Interest Groups: Some say donations others say bribes – What is the money really for?

By Nicola Mc Grath

The European Parliament (EP) has been able to amend legislation since the entry into force of the Single European Act in July 1987, thereby incorporating certain interests and policy aims in the decision making process. Since 2008, the European Union’s (EU) political parties and foundations can receive private financial donations as a part of their annual budget (Katsaitis, 2018). A myriad of actors across Europe are engaged in lobbying activities, looking to influence and inform public decision-making. This can become a very dangerous game when the powerful influence over policy making falls into the wrong hands – using the example of Germanys car industry, I will show how this rings true. The recent surge in lobbying activities can be connected to the growing role of the EU as a policy maker, expanding their regulatory competence in areas that are of interest to corporations, businesses and individuals. It is often argued that tighter regulations on interest groups and lobbying will cripple industries or limit the abilities of politicians to do their job – but I do not believe this to be the case.

Official recognition of lobbying within the EU dates back to 1988 with the ‘Cecchini Report’ undertaken by the European Commission recommended that business interests participate more actively and directly in EU decision making. In 1995 the European Parliament (EP) set up a register for lobby groups. In 2008 the European Commission (EC) also set up a register, these were then merged in 2011 which became known as the Join European Transparency Register (European Parliament, 2015). The Lisbon Treaty was brought into force in 2009, which attempted to create a more centralized leadership and foreign policy. It also provided a legal framework for interest representation in the form of Article 11 of the Treaty on European Union. Despite the increased regulation of party financing in most European countries, effective enforcement has not necessarily followed suit.

Lobbyists will choose to donate to political players closer to their position hoping to increase their chances of impacting legislation (Brunell, 2005). This can lead to settings of polarization within political agendas. This is clearly evident in Germany, one of the EU’s longest standing members, where the automobile industry has influenced political parties over the last number of years.While the identity of donors of all contributions above €500 must be recorded in Germany, public disclosure of the donor must only be made in the annual financial statement of the party if the contribution exceeds €10,000 per year (EU PAM, 2020). As a result, many political parties abuse this system by accepting donations just below this limit so as to keep them secret, thus displaying that Germany does not have a robust ethical set of rules for lobbyists or lobbying. In particular, there is a lack of comprehensive, binding, transparent, and punishable rules that apply to everyone.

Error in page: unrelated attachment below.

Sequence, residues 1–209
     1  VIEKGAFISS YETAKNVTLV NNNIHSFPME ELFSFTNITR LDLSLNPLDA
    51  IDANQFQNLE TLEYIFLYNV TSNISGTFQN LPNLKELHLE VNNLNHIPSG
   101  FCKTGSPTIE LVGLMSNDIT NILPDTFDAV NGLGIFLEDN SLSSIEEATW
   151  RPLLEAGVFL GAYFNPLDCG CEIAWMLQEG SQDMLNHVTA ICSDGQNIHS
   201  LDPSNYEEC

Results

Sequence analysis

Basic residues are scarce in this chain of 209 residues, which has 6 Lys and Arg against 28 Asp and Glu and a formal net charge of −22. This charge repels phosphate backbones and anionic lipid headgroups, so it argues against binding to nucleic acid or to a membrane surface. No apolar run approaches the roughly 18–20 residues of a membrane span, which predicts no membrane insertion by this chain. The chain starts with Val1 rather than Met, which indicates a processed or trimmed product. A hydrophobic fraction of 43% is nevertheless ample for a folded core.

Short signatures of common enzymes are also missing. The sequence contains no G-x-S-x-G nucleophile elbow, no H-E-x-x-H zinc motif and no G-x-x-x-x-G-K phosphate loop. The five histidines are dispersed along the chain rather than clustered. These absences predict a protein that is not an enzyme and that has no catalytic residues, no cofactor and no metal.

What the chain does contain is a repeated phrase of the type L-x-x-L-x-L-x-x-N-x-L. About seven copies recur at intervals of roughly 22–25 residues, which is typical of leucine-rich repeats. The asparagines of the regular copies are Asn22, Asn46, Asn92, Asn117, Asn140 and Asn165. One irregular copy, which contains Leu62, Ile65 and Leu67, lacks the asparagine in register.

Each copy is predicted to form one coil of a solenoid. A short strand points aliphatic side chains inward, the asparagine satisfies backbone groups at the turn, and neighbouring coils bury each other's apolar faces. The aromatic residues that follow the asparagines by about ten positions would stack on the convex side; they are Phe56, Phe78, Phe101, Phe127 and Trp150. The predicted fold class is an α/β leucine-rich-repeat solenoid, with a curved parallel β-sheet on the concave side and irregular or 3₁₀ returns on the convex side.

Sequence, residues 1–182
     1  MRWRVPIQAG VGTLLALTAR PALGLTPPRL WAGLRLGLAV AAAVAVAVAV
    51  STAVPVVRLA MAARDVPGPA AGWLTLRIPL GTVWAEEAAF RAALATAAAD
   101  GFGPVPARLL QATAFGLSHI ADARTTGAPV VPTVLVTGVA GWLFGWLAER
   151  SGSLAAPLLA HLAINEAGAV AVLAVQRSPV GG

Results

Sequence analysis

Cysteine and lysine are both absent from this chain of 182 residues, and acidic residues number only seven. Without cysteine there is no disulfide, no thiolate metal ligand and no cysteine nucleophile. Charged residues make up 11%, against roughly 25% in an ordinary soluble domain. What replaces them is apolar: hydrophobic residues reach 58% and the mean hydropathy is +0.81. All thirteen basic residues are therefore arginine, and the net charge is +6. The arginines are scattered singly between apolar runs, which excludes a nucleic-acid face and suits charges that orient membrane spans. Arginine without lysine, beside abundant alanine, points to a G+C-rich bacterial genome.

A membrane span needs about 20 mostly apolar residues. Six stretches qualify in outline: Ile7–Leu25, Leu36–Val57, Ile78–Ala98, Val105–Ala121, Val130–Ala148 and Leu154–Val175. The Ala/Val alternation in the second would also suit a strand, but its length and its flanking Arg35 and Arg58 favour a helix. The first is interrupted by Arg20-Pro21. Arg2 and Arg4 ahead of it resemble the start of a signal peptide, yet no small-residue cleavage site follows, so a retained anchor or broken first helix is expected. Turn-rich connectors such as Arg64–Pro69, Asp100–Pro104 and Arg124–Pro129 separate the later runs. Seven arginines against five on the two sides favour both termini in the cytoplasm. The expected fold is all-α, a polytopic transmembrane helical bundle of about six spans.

As of December 2011, all cars sold in Germany must bear the new energy efficiency label based on CO2 emissions. The Deutsche Umwelthilfe (DUH), an environmental and consumer protection organisation, claims this legal ordinance was largely drafted up by Verband der Automobilindustrie (VDA) and not by the political parties (Deutsche Umwelthilfe, 2013). The DUH’s request to access the files that document the close coordination of a legal regulation between Rainer Brüderle (FDP), Germans previous economic minister, and the automotive industry was denied by two of Germanys federal ministries (Speth, 2014). They were only disclosed by virtue of a decision by the European Court of Justice in June 2013. The published documents show that the associations and companies had already been involved in the legislative process a draft co-ordinated interdepartmentally had been published. This clearly contravenes the provisions of the Ministries’ Joint Rules of Procedure (GGO).